Survival Skills: 5 Bugs You Want to Eat
Have you ever had that dessert called “worms and dirt”? Generally, it’s some kind of chocolate and gummy worms. But...
Have you ever had that dessert called “worms and dirt”? Generally, it’s some kind of chocolate and gummy worms. But how about the real thing? Something has usually gone wrong if you are thinking about eating actual bugs. But for argument’s sake, let’s suppose you did run out of food and required some protein sustenance. Which bugs would be the safest choices for you to eat? Here are three groups of creatures for the adventurous diner.
There are many different species of worms throughout North America. All are considered safe for human consumption, but they should be purged of the dirt that fills them before you try to eat them. An easy way to clean them out is to place them in a container of damp grass. After a few hours, the critters will be void of the dirt and sand they normally hold. Like all animal foods, worms should be cooked before you eat them. I recommend frying. The good news is that fried worms taste a little like jerky. The bad news, average sized worms provide only about 1 calorie per gram (not counting the fat from frying).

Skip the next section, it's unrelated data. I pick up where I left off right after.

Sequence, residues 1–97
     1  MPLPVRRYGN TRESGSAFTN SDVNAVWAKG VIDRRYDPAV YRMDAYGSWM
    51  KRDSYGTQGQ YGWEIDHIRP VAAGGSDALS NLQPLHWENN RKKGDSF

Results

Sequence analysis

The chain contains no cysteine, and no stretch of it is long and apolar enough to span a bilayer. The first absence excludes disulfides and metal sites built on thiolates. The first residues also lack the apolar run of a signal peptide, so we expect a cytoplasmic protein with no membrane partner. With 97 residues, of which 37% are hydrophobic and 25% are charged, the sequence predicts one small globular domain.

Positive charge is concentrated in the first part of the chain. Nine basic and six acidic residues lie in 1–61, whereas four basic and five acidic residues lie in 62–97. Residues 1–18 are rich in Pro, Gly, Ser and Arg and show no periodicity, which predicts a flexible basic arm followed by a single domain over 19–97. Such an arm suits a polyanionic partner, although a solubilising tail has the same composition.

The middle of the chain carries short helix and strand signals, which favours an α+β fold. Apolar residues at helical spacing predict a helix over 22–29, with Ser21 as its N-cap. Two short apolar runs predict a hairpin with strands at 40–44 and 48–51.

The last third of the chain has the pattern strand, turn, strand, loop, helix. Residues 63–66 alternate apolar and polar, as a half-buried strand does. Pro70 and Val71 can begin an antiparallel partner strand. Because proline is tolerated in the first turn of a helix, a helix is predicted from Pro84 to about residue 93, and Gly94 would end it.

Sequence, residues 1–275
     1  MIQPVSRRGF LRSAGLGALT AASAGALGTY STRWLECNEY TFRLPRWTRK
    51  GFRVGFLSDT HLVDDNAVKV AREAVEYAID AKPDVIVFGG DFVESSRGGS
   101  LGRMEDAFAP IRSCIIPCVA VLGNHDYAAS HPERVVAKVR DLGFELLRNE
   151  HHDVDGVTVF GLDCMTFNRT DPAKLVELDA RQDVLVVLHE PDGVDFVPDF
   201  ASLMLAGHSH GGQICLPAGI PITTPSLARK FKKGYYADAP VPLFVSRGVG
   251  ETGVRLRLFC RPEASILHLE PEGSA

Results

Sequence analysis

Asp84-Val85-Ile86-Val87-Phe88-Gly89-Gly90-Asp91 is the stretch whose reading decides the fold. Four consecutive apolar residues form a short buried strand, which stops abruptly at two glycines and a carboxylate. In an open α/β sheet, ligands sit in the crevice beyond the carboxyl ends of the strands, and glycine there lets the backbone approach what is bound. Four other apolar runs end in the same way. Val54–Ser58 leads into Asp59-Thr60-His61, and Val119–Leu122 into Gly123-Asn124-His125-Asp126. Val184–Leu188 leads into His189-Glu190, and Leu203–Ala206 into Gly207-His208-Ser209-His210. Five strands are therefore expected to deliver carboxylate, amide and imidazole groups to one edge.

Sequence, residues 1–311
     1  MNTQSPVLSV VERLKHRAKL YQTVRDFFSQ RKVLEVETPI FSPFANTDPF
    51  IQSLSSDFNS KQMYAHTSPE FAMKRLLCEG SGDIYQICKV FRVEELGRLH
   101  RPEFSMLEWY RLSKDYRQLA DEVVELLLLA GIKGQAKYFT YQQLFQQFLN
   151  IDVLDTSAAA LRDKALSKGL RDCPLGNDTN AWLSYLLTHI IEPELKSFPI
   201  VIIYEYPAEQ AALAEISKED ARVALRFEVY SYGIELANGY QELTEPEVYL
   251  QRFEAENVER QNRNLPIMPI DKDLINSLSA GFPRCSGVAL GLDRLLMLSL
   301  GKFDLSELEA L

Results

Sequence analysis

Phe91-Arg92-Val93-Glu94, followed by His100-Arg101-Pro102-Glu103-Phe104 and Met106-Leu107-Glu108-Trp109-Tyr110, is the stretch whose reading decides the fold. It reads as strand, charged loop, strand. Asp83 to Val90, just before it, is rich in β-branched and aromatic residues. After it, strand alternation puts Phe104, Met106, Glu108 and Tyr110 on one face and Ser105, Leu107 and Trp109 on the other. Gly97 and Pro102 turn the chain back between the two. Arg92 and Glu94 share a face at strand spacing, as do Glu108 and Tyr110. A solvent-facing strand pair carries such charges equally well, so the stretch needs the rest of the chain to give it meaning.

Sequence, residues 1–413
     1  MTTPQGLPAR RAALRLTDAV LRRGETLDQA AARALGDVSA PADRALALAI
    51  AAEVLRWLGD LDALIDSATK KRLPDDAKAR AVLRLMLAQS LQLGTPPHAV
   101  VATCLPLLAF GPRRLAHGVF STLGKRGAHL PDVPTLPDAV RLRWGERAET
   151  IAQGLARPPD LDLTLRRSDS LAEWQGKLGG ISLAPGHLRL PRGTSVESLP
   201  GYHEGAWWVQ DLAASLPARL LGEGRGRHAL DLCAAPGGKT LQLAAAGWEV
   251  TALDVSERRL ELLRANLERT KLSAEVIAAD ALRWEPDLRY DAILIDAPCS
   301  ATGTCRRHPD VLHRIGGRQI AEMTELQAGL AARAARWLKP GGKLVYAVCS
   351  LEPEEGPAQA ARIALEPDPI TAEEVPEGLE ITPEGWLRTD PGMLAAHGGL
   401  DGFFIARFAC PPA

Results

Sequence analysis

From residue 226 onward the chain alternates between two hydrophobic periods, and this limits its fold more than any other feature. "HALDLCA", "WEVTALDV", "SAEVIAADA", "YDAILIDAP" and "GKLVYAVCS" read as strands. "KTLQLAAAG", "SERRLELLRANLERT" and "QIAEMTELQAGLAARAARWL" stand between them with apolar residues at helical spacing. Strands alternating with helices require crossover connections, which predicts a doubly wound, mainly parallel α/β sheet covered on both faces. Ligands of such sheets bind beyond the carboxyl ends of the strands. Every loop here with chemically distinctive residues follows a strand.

Crickets, Katydids and Grasshoppers
This diverse group of bugs is generally safe to eat, if you avoid the colorful members of these families. Red, orange, yellow, and blue colorations are usually warning signs. The heads and small legs should be removed, and the bugs should always be cooked thoroughly. Bugs with crunchy shells are often the most parasite laden. Hunt for them in the early morning, when they are less active from the colder temperatures. This group yields approximately 4 to 5 calories per gram. They range from flavorless to fatty tasting.
Ripping open a rotten log may seem like a lot of work, but the payoff might be worth the trouble. Termites have the highest calorie content of the bugs on this list. These pale colored, ant-looking insects provide about 6 calories per gram. You’ll have to work to get the nutrition, though. These little guys go scurrying for cover anytime you damage the wood in which they reside.
Hungry for more details? Check out www.ent.iastate.edu. Have you eaten bugs? Did you lose a dare or just wanted to try them? Let us hear about it in the comments.